On November 4, 2003, the president of the Amazon Defense Front and indigenous leader, Angel Shingre, was shot dead in the city of Coca, Orellana province. It’s believed he was targeted for his 10 years of environmental work and his involvement in the landmark $1 billion class-action lawsuit by the Amazonian people against Texaco for illegally polluting their environment. On January 30, 2004, prosecutor Patricio Campana was murdered a day before he was due to present evidence on corruption allegations against oil company officials. Prominent reporters from alternative media such as Tintají , Radio La Luna, and other media networks critical of the current government, also received death threats.
On February 1, 2004, an assassination attempt against the president of the largest indigenous organization in Ecuador, the Confederation of Indigenous Nationalities of Ecuador (CONAIE), was thwarted by his family. Leonidas Iza had just returned from Cuba after participating in an international congress against the Free Trade Area of the Americas, or ALCA, as it is known in Spanish. Together with his wife, son, and a nephew, he barely escaped the 13 shots directed at them in front of CONAIE’s headquarters. His 19-year-old son was gravely wounded. Gutierrez’s government, however, claimed these were self-inflicted wounds. The indigenous community has accused Gutierrez of blatantly refusing to investigate. They see it as clear evidence of political repression.
Events like these are common to Colombia where drug traffickers, paramilitaries, guerrilla members, and countless innocents blend together, becoming frequent targets from all sides in the 50-year-old armed conflict. According to findings in a recent Amnesty International report, during 2002 more than 4,000 civilians were killed for political motives; 1,000 people “disappeared”; more than 400,000 were displaced; and at least 2,700 people were abducted—1,500 by armed opposition groups and paramilitaries. Such bloodshed had long been absent in Ecuador.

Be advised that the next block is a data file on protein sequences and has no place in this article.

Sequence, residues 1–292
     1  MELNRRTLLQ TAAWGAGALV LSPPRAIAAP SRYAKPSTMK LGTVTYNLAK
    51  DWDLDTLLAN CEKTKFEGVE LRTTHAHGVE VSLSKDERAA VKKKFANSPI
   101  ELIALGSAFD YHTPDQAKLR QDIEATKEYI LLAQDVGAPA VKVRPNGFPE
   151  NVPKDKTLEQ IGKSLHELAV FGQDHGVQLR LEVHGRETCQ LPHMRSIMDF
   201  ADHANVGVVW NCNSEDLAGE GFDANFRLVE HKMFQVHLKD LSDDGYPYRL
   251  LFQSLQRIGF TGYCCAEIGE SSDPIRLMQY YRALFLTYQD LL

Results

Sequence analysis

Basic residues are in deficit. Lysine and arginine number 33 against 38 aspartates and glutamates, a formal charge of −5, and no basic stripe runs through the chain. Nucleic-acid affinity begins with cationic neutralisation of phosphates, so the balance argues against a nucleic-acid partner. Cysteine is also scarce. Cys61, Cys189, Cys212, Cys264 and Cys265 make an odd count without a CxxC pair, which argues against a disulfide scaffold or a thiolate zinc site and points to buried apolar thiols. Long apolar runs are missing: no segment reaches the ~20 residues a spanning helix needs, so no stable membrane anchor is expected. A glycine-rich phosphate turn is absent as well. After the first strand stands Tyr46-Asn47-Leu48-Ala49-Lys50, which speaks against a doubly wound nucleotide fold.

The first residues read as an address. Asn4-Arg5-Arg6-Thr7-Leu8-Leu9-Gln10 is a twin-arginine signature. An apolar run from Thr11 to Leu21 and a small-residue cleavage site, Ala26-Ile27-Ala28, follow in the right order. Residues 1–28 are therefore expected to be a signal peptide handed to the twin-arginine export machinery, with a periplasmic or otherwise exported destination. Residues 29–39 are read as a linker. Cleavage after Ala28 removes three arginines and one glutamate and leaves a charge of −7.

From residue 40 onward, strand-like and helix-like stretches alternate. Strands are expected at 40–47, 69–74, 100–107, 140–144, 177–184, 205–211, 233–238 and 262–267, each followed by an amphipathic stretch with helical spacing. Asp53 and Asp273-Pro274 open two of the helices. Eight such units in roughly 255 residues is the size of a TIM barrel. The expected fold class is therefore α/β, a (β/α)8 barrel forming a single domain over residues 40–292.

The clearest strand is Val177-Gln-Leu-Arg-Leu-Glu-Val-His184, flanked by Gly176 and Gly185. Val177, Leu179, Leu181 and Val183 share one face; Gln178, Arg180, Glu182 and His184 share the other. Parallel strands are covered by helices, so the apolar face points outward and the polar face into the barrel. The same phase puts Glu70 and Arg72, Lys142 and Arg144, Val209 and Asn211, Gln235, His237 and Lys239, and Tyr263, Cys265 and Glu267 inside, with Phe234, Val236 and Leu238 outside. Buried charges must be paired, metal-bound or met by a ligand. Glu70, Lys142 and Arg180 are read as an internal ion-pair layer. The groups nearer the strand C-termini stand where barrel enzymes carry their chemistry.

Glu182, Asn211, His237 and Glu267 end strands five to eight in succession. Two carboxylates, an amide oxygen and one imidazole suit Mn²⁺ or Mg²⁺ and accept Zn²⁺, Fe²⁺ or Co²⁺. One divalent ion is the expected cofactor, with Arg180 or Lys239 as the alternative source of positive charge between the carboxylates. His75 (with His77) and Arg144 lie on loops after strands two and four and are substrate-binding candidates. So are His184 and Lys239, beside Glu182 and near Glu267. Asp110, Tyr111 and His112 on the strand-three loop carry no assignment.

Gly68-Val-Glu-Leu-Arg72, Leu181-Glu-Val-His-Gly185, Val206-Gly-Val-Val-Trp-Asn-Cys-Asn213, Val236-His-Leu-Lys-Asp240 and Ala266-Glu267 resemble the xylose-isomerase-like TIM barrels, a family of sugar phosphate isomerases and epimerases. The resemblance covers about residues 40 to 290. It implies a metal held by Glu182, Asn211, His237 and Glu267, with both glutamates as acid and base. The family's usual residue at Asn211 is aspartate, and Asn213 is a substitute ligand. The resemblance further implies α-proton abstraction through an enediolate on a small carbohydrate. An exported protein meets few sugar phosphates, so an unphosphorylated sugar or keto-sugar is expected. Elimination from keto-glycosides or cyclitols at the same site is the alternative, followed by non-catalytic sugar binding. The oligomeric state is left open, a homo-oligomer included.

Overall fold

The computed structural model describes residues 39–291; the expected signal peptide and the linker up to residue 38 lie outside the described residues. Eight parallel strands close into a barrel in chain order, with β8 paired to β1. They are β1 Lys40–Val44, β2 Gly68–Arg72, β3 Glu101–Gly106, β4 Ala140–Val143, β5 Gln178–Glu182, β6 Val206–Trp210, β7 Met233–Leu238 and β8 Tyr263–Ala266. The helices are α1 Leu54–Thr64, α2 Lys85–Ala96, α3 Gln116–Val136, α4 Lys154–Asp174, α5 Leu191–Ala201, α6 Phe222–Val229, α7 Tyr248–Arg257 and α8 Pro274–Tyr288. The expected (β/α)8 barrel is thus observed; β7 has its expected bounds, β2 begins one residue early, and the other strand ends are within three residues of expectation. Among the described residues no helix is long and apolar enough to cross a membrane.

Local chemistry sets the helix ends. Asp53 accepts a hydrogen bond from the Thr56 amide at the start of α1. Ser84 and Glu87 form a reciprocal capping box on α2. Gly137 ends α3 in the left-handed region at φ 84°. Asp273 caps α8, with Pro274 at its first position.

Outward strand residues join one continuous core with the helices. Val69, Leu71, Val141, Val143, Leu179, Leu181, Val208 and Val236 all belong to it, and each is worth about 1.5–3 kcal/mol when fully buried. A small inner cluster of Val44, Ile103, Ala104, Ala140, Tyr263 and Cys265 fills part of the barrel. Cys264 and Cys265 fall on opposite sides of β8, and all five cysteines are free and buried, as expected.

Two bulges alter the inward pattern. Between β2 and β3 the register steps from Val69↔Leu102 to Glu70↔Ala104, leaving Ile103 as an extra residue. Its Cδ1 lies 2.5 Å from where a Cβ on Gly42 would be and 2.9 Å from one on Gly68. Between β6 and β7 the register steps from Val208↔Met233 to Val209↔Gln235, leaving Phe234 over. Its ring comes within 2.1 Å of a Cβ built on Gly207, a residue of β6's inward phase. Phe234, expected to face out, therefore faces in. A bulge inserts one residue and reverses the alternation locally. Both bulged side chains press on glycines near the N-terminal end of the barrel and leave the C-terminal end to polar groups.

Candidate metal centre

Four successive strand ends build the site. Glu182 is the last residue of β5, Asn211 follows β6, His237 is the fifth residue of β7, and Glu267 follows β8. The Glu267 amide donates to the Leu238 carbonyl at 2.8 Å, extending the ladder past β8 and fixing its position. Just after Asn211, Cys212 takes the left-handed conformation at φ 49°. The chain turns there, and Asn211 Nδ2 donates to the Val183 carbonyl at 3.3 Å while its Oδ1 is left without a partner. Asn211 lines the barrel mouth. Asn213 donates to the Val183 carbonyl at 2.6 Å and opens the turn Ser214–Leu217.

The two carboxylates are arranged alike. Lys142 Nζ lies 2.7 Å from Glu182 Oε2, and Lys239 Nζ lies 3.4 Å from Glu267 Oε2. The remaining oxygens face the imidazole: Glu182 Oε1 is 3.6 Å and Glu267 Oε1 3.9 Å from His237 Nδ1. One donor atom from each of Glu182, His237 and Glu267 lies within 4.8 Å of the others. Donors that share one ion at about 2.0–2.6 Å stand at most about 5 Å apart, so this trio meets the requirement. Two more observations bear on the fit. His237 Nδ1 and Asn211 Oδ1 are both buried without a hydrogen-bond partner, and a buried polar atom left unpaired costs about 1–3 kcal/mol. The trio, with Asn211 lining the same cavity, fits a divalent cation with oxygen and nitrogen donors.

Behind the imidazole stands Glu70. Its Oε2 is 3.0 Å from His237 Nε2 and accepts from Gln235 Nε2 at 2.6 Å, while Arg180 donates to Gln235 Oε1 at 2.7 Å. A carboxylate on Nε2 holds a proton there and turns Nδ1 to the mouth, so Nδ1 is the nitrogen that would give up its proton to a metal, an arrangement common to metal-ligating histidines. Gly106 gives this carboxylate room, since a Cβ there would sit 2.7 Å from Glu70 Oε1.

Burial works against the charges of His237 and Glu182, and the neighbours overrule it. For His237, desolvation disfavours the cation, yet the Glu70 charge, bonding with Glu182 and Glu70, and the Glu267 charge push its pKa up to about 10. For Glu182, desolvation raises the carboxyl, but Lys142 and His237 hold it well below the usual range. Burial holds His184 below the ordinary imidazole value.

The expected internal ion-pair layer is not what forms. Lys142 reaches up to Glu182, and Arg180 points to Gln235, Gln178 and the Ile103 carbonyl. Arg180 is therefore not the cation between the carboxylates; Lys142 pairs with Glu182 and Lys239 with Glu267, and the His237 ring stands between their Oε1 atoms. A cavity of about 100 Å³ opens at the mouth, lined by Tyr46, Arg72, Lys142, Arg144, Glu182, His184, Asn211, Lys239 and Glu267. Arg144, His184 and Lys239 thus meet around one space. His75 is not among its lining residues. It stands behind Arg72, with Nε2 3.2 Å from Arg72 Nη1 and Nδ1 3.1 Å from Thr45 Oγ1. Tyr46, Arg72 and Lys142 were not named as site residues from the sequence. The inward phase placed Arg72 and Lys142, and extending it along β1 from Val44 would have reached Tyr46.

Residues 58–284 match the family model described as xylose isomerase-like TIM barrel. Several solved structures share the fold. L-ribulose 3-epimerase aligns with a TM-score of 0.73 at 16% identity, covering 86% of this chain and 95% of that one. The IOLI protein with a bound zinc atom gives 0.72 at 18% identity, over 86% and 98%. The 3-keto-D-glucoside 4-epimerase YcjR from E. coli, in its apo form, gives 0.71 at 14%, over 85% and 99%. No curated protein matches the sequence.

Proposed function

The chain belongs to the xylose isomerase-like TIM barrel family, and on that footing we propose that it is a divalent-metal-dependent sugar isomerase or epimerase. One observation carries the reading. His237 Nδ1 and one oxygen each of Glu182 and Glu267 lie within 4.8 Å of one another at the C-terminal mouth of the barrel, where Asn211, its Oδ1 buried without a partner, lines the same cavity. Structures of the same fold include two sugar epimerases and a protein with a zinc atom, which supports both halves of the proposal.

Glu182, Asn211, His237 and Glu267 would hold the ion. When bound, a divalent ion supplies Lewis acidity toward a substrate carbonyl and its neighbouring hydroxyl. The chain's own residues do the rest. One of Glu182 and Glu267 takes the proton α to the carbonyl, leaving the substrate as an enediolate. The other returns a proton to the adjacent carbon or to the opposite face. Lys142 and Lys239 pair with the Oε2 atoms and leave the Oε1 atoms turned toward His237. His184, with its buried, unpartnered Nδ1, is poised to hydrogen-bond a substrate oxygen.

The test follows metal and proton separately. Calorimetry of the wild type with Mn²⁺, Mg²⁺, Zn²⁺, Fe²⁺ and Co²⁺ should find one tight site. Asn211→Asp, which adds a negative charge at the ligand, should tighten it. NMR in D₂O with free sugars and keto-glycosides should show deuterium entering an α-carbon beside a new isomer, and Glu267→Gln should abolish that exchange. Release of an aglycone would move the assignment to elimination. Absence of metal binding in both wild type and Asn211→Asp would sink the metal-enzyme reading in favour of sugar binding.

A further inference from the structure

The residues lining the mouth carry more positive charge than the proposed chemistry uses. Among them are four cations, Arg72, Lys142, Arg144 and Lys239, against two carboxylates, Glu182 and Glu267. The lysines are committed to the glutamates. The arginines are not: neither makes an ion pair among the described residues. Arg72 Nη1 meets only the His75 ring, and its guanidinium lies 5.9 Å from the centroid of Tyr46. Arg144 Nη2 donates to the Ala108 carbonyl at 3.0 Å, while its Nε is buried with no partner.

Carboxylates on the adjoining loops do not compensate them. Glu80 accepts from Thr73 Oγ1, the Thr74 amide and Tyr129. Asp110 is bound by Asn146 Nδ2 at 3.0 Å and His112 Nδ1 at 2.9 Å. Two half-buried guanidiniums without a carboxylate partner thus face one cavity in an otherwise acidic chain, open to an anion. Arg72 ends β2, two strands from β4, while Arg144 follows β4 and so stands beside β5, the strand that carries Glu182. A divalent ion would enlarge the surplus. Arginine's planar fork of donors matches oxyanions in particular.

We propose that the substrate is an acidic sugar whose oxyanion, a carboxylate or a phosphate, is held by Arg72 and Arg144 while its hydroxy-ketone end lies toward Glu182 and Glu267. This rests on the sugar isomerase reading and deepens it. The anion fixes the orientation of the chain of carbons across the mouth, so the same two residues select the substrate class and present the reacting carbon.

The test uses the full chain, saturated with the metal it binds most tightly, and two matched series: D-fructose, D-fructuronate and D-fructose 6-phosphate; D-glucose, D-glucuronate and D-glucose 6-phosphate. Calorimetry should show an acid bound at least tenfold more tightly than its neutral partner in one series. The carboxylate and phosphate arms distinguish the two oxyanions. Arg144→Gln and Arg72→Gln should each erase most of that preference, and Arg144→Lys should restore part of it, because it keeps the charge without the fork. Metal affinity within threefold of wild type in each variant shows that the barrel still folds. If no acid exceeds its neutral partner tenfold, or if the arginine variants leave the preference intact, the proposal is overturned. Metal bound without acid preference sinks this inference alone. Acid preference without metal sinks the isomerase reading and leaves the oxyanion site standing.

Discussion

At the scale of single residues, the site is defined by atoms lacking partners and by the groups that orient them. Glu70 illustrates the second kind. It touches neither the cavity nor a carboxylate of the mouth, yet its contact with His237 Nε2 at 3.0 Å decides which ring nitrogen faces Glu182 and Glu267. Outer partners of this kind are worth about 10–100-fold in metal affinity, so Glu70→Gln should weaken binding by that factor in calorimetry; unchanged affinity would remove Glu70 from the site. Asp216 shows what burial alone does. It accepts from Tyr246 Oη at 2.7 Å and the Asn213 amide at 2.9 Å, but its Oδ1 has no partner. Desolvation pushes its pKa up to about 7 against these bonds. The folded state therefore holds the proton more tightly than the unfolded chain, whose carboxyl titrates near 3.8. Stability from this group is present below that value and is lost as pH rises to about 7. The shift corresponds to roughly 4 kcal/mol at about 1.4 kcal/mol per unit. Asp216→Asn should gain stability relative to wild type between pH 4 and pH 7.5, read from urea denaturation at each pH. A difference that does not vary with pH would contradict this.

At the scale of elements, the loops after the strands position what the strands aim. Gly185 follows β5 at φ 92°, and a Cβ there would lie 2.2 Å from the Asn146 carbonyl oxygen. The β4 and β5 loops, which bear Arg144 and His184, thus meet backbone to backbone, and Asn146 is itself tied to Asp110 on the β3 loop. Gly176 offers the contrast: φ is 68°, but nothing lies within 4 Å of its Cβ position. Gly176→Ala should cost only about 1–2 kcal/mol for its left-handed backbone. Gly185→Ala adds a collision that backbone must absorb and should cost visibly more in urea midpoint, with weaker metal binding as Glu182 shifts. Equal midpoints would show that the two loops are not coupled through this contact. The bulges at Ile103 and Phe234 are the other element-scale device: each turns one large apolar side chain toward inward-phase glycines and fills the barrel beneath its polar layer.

However, ever since a partnership on “collaborative efforts against drug trafficking” was signed between Ecuador and Colombia, there has been an atmosphere of fear and paranoia everywhere. Denoted as the second stage of Plan Colombia, some of its procedures entail military action and “campesino training” by the Ecuadorian government on its border with Colombia, the continuation of coca crop fumigation regardless of increasing health complaints in the area, the strengthening of migration laws dealing with Colombian refugees, and “an increase in the exchange and coordination of information about people who act above the law and attempt to cross the frontier common to both countries.”